This one has a longer timeline than the challenges I’ve been doing so far, but since my last challenge contributed to me hopefully getting into a position where I can move out in the nearish future, I think it’s appropriate that I start dealing with a relevant thing on my challenge inspiration list–whittling down the amount of crap I own. I won’t say my situation is like an episode of Hoarders, but I will say that about twenty-seven seconds into the introductory video on my about page is still representative of many areas of my life right now, even though I made that video almost two years ago.

To wrap things up here, I’d like to give a shout-out to the people who responded to my request for inspirational people in my last blog post. I haven’t replied to those comments yet because I’ve been fairly busy this week, but I definitely read them and appreciate them and am excited to look more into some of those people you all told me about. Everyone reading this should also go read those comments because they made me smile and might learn you about someone cool.

Maybe I’ll come up with some catchy send-off for these things. Until then, thanks for reading 🙂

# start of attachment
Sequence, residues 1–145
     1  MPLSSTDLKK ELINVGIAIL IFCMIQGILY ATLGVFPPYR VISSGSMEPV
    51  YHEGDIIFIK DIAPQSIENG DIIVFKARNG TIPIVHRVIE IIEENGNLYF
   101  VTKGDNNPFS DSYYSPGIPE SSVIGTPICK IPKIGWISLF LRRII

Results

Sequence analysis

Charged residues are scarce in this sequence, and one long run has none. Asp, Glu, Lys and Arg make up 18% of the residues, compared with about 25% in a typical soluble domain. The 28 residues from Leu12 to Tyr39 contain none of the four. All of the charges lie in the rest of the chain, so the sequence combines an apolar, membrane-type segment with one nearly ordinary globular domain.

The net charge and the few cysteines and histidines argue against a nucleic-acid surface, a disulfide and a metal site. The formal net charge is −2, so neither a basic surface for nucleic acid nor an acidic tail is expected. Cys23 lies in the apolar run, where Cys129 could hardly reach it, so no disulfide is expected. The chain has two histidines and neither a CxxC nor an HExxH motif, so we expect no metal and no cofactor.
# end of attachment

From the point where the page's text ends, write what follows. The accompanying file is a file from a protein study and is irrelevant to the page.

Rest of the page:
Categories: Challenges | Tags: , , , , , , , | 1 Comment

I’ll come up with a better titling system maybe

I have completed my second challenge! As a reminder, here is what it was:

Read The Slight Edge over the span of a week and report on how it can apply to your life…

I finished the book last night, so here is my report:

The “slight edge,” which author Jeff Olson refers to by name about six thousand times throughout the book, is “simple disciplines or simple errors in judgement, repeated consistently over time,” and actually fits incredibly nicely with this whole challenges project. His main point, repeated ad nauseam, is that those things compound to either wild success or your eminent doom, depending on which simple things you elect to do (or not do) every day.

Because of the time constraint on this challenge, I was forced to use the slight edge while reading The Slight Edge; I needed to read about three chapters a day in order to get through it the “slight edge” way, and in general that worked out pretty well for me. As far as how the slight edge can apply to my life, I actually came up with this challenges plan as a way to achieve that same goal of wild success that Olson says the slight edge can help me achieve, so in a way I’ve already started to apply it.

The book is divided into two parts: “How the Slight Edge Works” and “Living the Slight Edge.” He helpfully offers spaces for you to directly make plans in your own life during the second half, and wanted me to write in the book, but I didn’t, so I suppose filling it in here instead would be fair. First I was to write out five dreams, get specific about them, and give a timeline of by when I want them:

  1. I want to move out and support myself. I’m not sure where exactly yet, but I want a decent paying job and to move out within the next six to eight months.